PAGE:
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THE NEXT 7 DAYS:     EVENTS (20)     +     OPENINGS (2)     +     DEADLINES (9)     +     CLOSINGS (14)
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Tammer El-Sheikh
Ai Ikeda at Calaboose
May 09, 2018

Chris Kraus opens her book Where Art Belongs with an account of a short-lived LA recording studio cum gallery called Tiny Creatures. She pauses on a manifesto penned by its founder in which the gallery is described as an “instrument of communication” that “refuses to be big, aiming instead for change in tiny ways.” Danica Pinteric and Garrett Lockhart, founders of the even tinier Calaboose,share this conviction about where art belongs. For Les temps mutants, their exhibition of Ai Ikeda’s paintings and ceramics, the space reads more like a habitat than a gallery.

Ai Ikeda, Mutated Apple, 2018, glazed earthenware (photo: Edwin Isford)

With the garage door opened on a rainy day, Ikeda’s brightly coloured salamanders, frogs, and fungi are at home on the gallery’s sweaty concrete walls – a rejoinder to the deadening sterility of bigger museum spaces. With the door closed, the gallery looks sinister, like a bunker or a creepy tinkerer’s hideout, and Ikeda’s works reveal their darker side. The mushrooms and salamanders are locked in a death-stare across the room, and there are greedy stacks of “radiated” ceramic coins, mutant apples, and vaguely phallic sculptures lurking in corners, in a boarded-up window, and overhead in a ceiling hole.

Ikeda’s works respond to a rich history of Japanese art, with references to manga caricatures from 12th and 13th Century scrolls, the experimental films of Shuji Terayama, the genital gardens of Neo-Dadaist Tetsumi Kudo, and the “superflat” aesthetic of Takashi Murakami. More urgently, the exhibition relays the aftershock of a history of Japanese nuclear disasters from Nagasaki and Hiroshima to the Fukushima meltdown of 2011. For Ikeda, who emigrated to Canada from her hometown of Nara a few years later in 2013, “nuclear anxiety” is the motive force behind the show. Her works are imaginative projections into the gaps left by “three invisibilities of Japanese nuclear culture”: the invisibility of radiation, the invisibility of its impacts resulting from state secrecy laws, and the invisibility of Japan’s mass-denial of the extent of Fukushima’s damage. The figure/ground toggling in her paintings restores a depth of meaning to the surfaces of Japanese visual and political culture in the post-Fukushima era.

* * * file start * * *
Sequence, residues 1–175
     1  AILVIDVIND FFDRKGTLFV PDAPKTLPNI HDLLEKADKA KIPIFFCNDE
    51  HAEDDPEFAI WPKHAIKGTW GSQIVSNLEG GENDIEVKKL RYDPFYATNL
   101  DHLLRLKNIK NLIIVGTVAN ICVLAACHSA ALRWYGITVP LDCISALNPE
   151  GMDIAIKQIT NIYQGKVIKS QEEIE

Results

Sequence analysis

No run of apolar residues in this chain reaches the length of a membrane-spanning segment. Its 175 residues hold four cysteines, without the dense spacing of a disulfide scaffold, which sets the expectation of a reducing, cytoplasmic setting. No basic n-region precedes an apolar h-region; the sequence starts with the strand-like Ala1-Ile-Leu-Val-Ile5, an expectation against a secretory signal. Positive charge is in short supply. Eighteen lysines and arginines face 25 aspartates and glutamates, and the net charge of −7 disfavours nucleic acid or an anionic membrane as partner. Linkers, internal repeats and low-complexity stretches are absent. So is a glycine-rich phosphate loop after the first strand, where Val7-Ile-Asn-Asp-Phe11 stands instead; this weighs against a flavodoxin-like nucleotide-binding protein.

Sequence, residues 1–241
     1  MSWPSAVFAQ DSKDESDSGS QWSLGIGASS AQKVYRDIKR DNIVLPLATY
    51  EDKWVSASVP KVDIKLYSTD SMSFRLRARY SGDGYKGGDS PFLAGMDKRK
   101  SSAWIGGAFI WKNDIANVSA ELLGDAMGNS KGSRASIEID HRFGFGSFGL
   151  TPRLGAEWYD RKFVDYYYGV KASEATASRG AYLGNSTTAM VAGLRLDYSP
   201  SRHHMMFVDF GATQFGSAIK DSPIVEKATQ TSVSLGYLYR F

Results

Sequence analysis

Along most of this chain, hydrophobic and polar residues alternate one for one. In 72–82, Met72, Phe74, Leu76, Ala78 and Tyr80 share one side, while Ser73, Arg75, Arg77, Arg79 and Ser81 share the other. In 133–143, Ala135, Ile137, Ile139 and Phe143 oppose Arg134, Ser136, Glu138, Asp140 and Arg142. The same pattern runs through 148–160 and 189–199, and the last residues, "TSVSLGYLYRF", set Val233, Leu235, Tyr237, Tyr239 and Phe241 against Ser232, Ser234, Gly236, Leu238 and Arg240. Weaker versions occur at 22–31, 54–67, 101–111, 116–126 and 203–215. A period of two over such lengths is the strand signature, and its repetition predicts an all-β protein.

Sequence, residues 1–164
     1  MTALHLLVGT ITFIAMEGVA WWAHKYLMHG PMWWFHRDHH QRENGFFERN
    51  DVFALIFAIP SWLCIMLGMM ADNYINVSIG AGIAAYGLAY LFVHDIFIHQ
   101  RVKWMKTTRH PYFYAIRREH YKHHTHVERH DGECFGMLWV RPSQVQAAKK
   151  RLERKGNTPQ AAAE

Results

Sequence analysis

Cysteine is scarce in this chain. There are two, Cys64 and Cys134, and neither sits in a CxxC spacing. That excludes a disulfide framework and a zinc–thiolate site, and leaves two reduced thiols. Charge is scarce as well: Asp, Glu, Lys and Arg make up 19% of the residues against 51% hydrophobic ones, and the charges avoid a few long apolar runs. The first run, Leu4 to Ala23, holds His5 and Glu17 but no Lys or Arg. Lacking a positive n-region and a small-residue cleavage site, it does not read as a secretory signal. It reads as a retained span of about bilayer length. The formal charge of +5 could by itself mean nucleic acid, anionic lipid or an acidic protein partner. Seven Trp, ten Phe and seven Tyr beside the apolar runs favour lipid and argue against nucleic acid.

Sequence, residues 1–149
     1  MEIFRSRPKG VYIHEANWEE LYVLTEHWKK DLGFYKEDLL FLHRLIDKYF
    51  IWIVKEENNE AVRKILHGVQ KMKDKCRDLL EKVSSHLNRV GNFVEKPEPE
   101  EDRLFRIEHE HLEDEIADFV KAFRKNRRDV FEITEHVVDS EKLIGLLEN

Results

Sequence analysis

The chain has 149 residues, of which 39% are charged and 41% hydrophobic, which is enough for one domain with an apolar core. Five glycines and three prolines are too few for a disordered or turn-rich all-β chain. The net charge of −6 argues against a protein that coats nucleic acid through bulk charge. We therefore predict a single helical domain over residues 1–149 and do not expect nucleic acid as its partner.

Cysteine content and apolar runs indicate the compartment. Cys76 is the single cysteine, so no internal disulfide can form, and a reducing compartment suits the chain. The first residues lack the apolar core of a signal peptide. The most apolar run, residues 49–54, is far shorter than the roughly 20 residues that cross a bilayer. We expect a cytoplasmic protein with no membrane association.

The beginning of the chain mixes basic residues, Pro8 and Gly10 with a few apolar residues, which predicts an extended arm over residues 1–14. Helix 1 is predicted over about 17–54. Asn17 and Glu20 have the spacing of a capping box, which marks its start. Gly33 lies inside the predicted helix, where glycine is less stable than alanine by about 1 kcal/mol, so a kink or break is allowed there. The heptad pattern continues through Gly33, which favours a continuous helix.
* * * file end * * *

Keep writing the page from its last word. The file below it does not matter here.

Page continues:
Ai Ikeda, Mutation Series #4, 2017, acrylic on canvas (photo: Edwin Isford)

In Mutation Series #1 we are introduced to the reluctant heroine of Ikeda’s narrative. An axolotl or Mexican salamander is shown peering out of an orb with beady eyes. The tiny neotenic creature is well chosen for Ikeda’s world, evoking the cuteness of the kawaii style and the menace of congenital disorders caused by radiation. Unique among salamanders for remaining gilled and aquatic and not undergoing metamorphosis, the axolotl is a symbol of arrested development. As it lurches forward, ahead of a receding Earth and a smudged yellow moon, planetary and embryonic scales are merged to convey the scope of Ikeda’s environmental concern. In the show’s next paintings, the creature reappears in a hermaphroditic origin myth, resolved finally under the sign of the female. In Mutation Series #3 and #4 the axolotl encounters a pair of mammals with goofy sex organs for noses in a mountain-scape, and then morphs into a mature amphibian in a pink and green acrylic dreamscape at the front of the gallery. A tally of gendered signs in this picture (the egg cradled in the salamander’s tail, its fallopian tube-shaped legs, and a yawning clam shell in front of its nose), and in a facing one of a manga frog hoisting a bent nail into a vaginal opening on the horizon, tips the exhibition’s phallocentric balance. For the moment, the powers of care and nurturing win out over those of industry and violence. Nevertheless, one gets the sense that this fight is not over, and the aesthetic resolution Ikeda achieves is harder to find in a wider world marked by shrinking ice caps, population explosion, mass extinctions, and petrochemical and nuclear waste.

Ikeda’s rendering of an age of environmental disasters coincides with the so-called “Anthropocene epoch,” beginning with Hiroshima and Nagasaki and marching forward into our increasingly uncertain times. According to theorist Heather Davis, one thing art can do under these circumstances is challenge the catastrophic belief that natural and cultural objects are "distinct from their processes of emergence and decay.” Galleries can help with this too. After just under a year and only three shows, Calaboose is set to close at the end of May. The space will be turned into an industrial fridge for a new St. Henri restaurant. As Pinteric and Lockhart consider its next shape, their exhibition of Ikeda’s paean to mutants is especially fitting.

Ai Ikeda: Les temps mutants continues until May 24.
The gallery is accessible.

Tammer El-Sheikh is a writer and teacher based in Montreal. His art criticism has appeared in Parachute, Canadian Art, ETC and C Magazine.



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